June 15, 2019
June 15, 2019
October 19, 2019
Backward design of academic courses is an evidence-based approach to building coherent assessable learning experiences. Backward design of curriculum is less often practiced, given that most academic programs pre-date publication of research on backward design. This paper describes a backward design process undertaken by a group of faculty at a large research university to develop a new graduate program leading to a PhD in engineering education. The initial design was developed over a 9 month-long process by members of the department’s graduate studies committee and guided by senior members of our university's teaching and learning center who worked with the proposal writing team as a learning community through all aspects of curriculum design and assessment planning. The curriculum design process engaged stakeholders and included creation of learning goals and outcomes; an open, collaborative communication and feedback strategy; in-person presentations at departmental, college, and university faculty meetings, and a presentation at the Ohio Department of Higher Education.
The program goals and learning outcomes describe what this department's faculty considers competence in engineering education, that the successful engineering education doctoral graduate will be able to: 1. Identify, discuss, and address critical issues facing engineering education in alignment with stakeholder needs, 2. Design, conduct, and critique research in engineering education, 3. Demonstrate, value, and apply engineering expertise, 4. Create, teach, and assess courses and curricula in engineering, and 5. Identify, demonstrate, and value appropriate personal and professional skills, mindsets, and traits.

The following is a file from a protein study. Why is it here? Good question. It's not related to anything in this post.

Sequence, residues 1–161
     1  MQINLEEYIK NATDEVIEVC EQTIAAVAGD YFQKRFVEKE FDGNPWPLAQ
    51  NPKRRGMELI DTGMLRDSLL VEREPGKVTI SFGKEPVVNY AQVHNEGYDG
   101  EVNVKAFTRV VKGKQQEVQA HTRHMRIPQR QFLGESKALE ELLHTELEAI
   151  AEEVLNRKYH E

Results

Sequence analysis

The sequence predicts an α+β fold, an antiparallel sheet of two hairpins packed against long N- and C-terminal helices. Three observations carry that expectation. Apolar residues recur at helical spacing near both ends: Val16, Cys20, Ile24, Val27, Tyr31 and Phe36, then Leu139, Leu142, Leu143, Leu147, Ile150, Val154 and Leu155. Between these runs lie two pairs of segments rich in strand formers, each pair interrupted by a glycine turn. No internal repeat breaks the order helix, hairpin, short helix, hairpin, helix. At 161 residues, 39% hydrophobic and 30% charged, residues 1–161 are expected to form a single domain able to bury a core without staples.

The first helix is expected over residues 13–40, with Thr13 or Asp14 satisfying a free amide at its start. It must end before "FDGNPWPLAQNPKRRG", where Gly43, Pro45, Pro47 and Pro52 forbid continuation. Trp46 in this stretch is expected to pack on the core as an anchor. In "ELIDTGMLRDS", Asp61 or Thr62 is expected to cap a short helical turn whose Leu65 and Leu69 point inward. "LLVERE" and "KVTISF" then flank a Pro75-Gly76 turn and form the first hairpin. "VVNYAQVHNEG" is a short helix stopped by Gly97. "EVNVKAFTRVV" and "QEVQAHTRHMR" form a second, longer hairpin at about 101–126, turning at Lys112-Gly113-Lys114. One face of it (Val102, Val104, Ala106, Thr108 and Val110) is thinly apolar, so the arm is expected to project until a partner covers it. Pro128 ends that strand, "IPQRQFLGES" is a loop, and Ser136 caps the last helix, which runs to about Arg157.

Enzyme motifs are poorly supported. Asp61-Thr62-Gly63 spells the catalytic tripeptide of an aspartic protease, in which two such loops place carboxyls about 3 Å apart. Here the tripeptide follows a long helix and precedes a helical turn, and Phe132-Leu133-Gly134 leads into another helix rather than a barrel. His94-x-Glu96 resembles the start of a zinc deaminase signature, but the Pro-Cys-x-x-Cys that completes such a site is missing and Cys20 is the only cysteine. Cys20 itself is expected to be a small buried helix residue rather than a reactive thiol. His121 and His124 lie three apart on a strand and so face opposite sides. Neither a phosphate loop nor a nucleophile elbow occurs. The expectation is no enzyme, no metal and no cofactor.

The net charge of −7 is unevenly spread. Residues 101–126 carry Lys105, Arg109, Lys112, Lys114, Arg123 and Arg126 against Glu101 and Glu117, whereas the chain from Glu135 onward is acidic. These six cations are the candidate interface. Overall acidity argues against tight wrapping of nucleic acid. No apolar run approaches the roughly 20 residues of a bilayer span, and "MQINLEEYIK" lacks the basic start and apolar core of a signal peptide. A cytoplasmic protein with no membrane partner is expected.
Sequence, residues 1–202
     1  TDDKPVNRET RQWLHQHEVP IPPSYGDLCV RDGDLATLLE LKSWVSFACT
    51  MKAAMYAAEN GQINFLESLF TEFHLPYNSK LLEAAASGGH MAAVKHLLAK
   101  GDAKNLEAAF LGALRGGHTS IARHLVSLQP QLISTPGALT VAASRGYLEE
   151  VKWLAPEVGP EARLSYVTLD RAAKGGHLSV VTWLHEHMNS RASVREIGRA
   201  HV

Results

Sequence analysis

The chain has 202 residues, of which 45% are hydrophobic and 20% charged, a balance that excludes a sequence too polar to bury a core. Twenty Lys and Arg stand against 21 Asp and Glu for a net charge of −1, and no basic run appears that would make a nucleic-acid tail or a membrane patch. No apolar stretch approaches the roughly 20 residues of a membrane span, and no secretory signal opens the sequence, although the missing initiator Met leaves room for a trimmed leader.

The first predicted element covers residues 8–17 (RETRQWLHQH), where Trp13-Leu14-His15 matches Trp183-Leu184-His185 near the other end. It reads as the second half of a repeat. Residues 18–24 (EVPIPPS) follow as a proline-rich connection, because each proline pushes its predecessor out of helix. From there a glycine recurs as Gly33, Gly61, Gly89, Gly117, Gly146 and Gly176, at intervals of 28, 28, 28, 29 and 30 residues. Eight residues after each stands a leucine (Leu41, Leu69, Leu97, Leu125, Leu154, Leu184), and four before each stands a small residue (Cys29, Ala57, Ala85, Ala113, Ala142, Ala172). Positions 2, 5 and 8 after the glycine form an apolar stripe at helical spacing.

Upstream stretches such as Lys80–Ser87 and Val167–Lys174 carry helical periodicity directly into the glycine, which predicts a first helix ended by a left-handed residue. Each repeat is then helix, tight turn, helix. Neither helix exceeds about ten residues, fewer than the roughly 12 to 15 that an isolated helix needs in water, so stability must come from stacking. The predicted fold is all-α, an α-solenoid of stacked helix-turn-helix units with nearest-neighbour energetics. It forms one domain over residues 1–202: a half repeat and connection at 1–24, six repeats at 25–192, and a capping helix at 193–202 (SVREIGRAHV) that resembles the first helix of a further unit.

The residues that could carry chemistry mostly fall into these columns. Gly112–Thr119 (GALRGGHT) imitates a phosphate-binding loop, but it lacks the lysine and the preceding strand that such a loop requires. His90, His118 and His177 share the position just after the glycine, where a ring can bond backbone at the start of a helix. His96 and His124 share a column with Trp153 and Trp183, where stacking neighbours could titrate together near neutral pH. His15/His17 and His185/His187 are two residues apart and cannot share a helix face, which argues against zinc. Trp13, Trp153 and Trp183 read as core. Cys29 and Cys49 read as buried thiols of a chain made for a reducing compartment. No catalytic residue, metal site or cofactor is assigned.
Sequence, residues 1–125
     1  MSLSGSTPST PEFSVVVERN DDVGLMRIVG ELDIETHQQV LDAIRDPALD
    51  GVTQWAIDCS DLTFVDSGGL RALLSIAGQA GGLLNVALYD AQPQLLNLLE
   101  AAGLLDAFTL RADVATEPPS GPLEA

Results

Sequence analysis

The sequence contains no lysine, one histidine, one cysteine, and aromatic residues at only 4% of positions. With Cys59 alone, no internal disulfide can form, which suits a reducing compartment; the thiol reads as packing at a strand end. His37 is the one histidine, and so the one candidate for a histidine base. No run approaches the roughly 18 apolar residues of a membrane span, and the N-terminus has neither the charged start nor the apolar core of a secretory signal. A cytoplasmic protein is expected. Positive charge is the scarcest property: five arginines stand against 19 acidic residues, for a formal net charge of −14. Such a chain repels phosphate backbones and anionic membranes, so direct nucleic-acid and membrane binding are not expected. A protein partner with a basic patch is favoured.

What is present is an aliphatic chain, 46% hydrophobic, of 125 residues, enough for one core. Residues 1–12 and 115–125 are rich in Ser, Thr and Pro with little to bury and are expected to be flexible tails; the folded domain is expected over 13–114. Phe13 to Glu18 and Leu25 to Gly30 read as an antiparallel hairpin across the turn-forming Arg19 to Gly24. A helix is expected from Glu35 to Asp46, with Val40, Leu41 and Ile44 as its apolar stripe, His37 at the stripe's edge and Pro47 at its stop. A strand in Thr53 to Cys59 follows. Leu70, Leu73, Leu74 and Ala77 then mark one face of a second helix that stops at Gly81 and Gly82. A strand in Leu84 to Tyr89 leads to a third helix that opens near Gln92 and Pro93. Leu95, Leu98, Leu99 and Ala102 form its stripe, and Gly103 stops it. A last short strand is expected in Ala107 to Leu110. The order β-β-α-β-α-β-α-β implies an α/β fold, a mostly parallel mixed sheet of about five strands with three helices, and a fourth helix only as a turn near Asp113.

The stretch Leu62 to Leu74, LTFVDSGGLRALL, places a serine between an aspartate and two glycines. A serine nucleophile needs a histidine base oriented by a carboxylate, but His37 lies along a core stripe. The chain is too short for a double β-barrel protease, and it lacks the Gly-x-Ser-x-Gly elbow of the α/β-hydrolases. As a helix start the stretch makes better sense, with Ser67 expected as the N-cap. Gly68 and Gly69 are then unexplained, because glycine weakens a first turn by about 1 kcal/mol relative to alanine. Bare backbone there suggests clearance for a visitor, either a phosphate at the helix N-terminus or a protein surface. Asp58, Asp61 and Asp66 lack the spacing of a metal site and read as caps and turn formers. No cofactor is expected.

The team developed program learning outcomes to support the five program goals and descriptions of three specific levels of proficiency (e.g., beginning, intermediate, and advanced) for each learning outcome. The levels of proficiency for each of the program learning outcomes were then mapped onto the required courses, electives, and other co-curricular program elements. The curricular map indicates the levels of proficiency in each of the learning outcomes that students are expected to achieve at different stages of their student career and where evaluations of proficiency will occur. Assessment of these learning outcomes within course assignments and during students' annual reviews provides ongoing feedback on students' developing competence in engineering education.
This paper describes lessons learned during the lengthy development, proposal, and approval process and also discusses the need to intentionally on-board new members of the community, including them in ongoing shared curricular improvement, and regularly revisiting the curricular map to ensure that courses are accomplishing what they were intended to accomplish. It is important that required adjustments are made as a community not by individual instructor fiat. We learned that backward design is not just about courses and curricula; it is, perhaps more importantly, about departmental culture.
Christy, A. D., & Johnson, T. A., & Froyd, J. E., & Grzybowski, D. M., & Delaine, D. A., & Dringenberg, E., & Kecskemety, K. M., & Kajfez, R. L., & Casado, A. M., & Kalish, A. (2019, June), Outcomes-based Design of a New Graduate Program Paper presented at 2019 ASEE Annual Conference & Exposition , Tampa, Florida. 10.18260/1-2--33150
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